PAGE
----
is a toe that becomes permanently bent in the middle so that the end of the toe points downward. The
portion of the toe before the joint where the bend occurs tends to arch upward. A hammer toe takes years to develop. Once the toe becomes permanently bent, corns or calluses may form. Treatment helps
control symptoms in many people, but surgery is sometimes needed to straighten the toe.
Shoes that narrow toward the toe may make your forefoot look smaller. But they also push the smaller toes into a flexed (bent) position. The toes rub against the shoe, leading to the formation of
corns and calluses, which further aggravate the condition. A higher heel forces the foot down and squishes the toes against the shoe, increasing the pressure and the bend in the toe. Eventually, the
toe muscles become unable to straighten the toe, even when there is no confining shoe.
The symptoms of hammertoe are progressive, meaning that they get worse over time. Hammertoe causes the middle joint on the second, third, fourth, or fifth toes to bend. The affected toe may be
painful or irritated, especially when you wear shoes. Areas of thickened skin (corns) may develop between, on top of, or at the end of your toes. Thickened skin (calluses) may also appear on the
bottom of your toe or the ball of your foot. It may be difficult to find a pair of shoes that is comfortable to wear.
Some questions your doctor may ask of you include, when did you first begin having foot problems? How much pain are your feet or toes causing you? Where is the pain located? What, if anything, seems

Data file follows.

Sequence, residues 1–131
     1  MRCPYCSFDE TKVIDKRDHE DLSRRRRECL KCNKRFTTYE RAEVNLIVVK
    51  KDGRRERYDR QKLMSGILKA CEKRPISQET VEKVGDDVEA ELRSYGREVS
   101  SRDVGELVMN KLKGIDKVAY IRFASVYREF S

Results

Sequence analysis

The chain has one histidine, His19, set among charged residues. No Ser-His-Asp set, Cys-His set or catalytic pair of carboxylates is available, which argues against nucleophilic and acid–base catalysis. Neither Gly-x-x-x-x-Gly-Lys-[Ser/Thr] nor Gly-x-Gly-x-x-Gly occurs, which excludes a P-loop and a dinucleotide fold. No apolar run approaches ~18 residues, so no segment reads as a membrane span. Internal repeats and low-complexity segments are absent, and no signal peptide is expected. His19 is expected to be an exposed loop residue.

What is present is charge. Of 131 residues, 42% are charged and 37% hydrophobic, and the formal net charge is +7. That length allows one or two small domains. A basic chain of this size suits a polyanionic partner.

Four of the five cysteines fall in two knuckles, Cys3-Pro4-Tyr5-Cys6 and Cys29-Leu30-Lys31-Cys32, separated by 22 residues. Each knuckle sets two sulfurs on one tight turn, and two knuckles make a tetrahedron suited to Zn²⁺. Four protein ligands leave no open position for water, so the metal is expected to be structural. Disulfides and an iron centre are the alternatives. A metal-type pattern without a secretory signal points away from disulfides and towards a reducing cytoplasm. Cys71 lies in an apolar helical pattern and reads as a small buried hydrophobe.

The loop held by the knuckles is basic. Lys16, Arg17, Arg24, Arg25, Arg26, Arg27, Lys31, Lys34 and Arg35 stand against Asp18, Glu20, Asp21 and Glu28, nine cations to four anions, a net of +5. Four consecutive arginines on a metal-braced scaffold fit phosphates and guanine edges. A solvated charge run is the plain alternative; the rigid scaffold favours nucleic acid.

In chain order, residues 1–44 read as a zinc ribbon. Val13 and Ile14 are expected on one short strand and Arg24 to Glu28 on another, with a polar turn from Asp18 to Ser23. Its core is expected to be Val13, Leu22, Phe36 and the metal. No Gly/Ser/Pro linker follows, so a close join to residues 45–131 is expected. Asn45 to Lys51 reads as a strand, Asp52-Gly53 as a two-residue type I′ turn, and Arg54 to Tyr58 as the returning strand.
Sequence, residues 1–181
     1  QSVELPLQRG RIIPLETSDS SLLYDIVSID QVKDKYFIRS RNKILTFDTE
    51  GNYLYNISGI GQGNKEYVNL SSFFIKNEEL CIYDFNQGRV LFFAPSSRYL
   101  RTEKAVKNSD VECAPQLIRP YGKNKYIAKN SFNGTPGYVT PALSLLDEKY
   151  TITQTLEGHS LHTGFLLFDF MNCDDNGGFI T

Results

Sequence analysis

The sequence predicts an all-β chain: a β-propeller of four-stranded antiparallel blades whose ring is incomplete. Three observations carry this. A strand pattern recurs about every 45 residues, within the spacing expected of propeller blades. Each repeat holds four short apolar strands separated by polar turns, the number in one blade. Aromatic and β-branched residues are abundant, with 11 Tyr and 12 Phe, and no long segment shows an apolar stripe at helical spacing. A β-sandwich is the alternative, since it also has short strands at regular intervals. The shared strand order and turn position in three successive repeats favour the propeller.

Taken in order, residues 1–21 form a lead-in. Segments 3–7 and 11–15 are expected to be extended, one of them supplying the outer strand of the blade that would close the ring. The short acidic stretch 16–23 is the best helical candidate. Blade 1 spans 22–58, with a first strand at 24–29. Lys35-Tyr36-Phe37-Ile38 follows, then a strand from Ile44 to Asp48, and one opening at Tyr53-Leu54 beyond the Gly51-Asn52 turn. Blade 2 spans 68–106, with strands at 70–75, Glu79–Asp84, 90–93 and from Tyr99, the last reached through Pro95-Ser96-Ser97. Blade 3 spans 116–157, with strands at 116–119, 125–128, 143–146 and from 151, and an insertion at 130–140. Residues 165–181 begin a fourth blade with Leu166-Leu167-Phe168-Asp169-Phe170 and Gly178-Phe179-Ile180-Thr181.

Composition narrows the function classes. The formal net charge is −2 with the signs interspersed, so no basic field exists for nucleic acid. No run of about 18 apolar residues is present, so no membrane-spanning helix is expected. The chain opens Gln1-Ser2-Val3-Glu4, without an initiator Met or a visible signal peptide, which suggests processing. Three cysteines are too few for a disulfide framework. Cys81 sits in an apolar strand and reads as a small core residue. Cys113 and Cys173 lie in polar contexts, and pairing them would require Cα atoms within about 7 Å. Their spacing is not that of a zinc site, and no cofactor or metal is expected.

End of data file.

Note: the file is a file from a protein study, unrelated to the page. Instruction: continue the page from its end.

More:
to improve your symptoms? What, if anything, appears to worsen your symptoms? What kind of shoes do you normally wear? Your doctor can diagnose hammertoe or mallet toe by examining your foot. Your
doctor may also order X-rays to further evaluate the bones and joints of your feet and toes.
Non Surgical Treatment
Putting padding between your toes and strapping them in place can help to stop pain caused by the toes rubbing. Custom-made insoles for your shoes will help to take the pressure off any painful
areas. Special hammertoes
shoes that are wider and deeper than normal can stop your toes rubbing.
However if your pain persists your consultant may recommend an surgery.
Your podiatrist may recommend a surgical procedure if your hammertoes are not helped by the conservative care methods listed above. Surgery for hammertoes is performed to help straighten your crooked
toe. Your surgery will be performed in your podiatrist?s office or at a hospital, depending on the severity of your hammertoe. A metal pin is sometimes used to help your affected toe maintain its
straight position during your recovery.
elect and wear the right shoe for specific activities (such as running shoes for running). Alternate shoes. Don't wear the same pair of shoes every day. Avoid walking barefoot, which increases the
risk for injury and infection. At the beach or when wearing sandals, always use sunblock on your feet, as you would on the rest of your body. Be cautious when using home remedies for foot ailments.
Self-treatment can often turn a minor problem into a major one. It is critical that people with diabetes see a podiatric physician at least once a year for a checkup. People with diabetes, poor
circulation, or heart problems should not treat their own feet, including toenails, because they are more prone to infection.